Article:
Features and Columns · Movies

‘Kiki’s Delivery Service’ and How to Survive Creative Burnout

“Without even thinking about it, I used to be able to fly. Now I’m trying to look inside myself and find out how I did it.”
Kikis Delivery Service
Studio Ghibli
By  · Published on December 10th, 2021

Welcome to The Queue — your daily distraction of curated video content sourced from across the web. Today, we’re watching a video essay about what Kiki’s Delivery Service can teach us about creative burnout.


Has this ever happened to you?! Have you found yourself incapable of mustering the willpower to tackle tasks that once brought you joy?! Have you lost your passion for creative outlets, and no matter how much your brain tells you to do the thing, you cannot, no matter how hard you try, do the thing!?

If you’ve been experiencing any of these symptoms, you may be suffering from burnout.

As defined by the World Health Organization, burnout may not be a “medical condition,” but as all those who’ve experienced it can testify: it sucks! Burnout is characterized by feelings of emotional and physical depletion, increased distance from one’s job, and reduced professional efficacy. Burnout is nothing to handwave away. And for those of us working from home, the lack of distinction between work and play can only complicate matters further.

It just so happens that one of the best movies about how burnout feels — and how to yank yourself out of it — is an animated “kid’s movie.” That last part is in quotations because, frankly, Kiki’s Delivery Service is for everyone. Directed by the great grump Hayao Miyazaki and released in 1989, the feature follows a young witch trying to make her way in the world all on her own.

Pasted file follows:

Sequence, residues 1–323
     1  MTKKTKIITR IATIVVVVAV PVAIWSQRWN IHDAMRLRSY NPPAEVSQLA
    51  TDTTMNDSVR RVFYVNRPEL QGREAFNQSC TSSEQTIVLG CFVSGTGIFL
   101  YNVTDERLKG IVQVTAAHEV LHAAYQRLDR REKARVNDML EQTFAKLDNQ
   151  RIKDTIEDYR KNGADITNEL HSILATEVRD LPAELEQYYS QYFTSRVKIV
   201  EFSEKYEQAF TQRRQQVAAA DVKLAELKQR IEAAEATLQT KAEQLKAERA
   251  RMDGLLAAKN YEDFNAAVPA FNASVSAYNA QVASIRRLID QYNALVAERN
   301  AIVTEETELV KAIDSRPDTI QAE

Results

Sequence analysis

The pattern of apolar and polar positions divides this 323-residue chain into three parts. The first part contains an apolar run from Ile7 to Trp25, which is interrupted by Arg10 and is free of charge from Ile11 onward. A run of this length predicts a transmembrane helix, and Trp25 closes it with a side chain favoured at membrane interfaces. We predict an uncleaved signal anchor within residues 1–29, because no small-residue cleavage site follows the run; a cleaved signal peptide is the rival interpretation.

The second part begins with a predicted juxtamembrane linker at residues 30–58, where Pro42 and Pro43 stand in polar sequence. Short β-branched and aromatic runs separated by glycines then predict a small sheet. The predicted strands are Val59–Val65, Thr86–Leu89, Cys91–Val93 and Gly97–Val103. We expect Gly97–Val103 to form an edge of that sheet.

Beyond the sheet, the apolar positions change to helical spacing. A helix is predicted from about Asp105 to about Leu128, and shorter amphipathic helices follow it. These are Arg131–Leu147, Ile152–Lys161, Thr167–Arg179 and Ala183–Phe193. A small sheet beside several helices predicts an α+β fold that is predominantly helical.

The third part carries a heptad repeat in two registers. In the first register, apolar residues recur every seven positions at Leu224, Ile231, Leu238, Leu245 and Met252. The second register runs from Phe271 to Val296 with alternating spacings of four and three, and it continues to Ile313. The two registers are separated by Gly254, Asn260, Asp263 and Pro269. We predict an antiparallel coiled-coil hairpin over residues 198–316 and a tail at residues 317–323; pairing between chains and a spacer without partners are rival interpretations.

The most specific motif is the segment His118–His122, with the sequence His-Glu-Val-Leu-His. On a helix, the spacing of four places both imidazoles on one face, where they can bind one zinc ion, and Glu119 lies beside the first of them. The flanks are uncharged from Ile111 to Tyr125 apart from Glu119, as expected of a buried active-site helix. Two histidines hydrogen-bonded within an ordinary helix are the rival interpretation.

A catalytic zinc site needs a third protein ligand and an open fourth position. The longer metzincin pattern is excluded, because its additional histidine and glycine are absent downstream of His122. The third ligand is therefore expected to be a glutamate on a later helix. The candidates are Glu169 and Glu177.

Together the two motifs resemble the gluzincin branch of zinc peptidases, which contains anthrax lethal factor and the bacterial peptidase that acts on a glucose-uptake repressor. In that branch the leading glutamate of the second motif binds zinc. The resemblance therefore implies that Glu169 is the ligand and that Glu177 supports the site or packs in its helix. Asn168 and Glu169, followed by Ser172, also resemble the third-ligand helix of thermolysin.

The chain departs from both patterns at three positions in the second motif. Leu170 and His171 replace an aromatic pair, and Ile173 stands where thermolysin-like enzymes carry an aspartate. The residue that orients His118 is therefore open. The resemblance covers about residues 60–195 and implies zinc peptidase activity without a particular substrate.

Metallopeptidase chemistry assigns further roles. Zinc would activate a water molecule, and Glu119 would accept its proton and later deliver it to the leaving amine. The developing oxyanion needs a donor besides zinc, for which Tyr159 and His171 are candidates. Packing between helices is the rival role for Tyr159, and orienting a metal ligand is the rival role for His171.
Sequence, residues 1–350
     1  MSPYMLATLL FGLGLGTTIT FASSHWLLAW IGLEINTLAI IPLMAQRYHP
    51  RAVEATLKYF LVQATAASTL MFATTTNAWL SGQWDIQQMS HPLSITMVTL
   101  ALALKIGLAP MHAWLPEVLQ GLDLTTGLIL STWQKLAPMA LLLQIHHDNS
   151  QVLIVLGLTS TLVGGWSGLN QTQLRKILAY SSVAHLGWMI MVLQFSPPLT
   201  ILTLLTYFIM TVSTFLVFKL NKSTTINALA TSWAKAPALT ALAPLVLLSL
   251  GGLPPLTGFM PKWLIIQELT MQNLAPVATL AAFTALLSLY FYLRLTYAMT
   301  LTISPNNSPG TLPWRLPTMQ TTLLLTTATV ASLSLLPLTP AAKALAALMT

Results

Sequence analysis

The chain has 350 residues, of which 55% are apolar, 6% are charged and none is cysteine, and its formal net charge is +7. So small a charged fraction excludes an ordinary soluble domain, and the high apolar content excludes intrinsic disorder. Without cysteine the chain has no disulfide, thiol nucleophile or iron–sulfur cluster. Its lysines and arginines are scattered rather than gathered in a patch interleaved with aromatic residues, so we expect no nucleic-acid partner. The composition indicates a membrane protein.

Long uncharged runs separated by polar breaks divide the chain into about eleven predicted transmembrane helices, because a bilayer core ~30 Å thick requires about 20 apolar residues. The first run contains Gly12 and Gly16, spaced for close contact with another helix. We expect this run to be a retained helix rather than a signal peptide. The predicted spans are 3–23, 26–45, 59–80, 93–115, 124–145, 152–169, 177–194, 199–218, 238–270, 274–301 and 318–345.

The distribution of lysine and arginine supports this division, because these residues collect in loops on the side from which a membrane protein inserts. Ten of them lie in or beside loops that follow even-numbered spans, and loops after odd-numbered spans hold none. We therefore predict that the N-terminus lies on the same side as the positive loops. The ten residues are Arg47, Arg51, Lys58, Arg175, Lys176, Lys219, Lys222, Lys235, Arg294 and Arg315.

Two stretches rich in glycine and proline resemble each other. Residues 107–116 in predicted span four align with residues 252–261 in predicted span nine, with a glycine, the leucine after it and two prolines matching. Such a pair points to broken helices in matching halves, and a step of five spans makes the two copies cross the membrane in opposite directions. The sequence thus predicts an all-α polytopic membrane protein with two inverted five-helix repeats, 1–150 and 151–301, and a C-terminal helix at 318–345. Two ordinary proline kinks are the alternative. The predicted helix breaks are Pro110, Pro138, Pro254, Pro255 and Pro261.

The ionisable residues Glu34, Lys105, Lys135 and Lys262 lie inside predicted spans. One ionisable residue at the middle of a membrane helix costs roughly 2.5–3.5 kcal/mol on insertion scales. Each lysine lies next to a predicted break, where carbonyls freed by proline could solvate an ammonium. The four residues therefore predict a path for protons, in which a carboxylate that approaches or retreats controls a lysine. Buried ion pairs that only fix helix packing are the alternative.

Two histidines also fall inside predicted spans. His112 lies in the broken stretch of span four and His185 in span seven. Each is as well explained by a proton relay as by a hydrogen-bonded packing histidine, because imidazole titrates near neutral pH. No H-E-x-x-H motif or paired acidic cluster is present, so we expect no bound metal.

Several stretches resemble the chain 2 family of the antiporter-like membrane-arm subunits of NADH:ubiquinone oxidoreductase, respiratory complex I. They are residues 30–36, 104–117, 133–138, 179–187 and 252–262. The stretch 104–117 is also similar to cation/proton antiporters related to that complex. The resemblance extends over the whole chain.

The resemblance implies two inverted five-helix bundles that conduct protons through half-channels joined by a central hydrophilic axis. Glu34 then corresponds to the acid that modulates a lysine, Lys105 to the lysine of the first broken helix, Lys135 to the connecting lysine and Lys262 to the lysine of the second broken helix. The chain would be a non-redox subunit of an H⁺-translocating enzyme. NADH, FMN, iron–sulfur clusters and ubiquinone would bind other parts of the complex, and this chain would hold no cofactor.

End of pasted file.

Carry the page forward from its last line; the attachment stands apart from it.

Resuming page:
After a solid start in the bread-delivery business, though, Kiki steadily loses her willingness to “get this bread,” as it were, causing her magical abilities to wane in the process.

As the video essay below underlines, Kiki’s Delivery Service doesn’t just paint a distressingly relatable portrait of creative burnout, it offers some insight into how to emerge out the other side in (relatively) one piece. (Psst. the secret is to actually take a step back and relax.) The essayist takes a personal approach to untangling their own experience with burnout. Which is, perhaps, the most laudable way to approach the subject.

Watch “What Kiki’s Delivery Service Teaches Us About Burn Out”:


Who made this?

This video essay on what Kiki’s Delivery Service can teach us about burnout is by Trugoy, an up-and-coming video essayist based in the United Kingdom. You can subscribe to their YouTube channel here and follow them on Twitter here.

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Meg Shields is the humble farm boy of your dreams and a senior contributor at Film School Rejects. She currently runs three columns at FSR: The Queue, How'd They Do That?, and Horrorscope. She is also a curator for One Perfect Shot and a freelance writer for hire. Meg can be found screaming about John Boorman's 'Excalibur' on Twitter here: @TheWorstNun. (She/Her).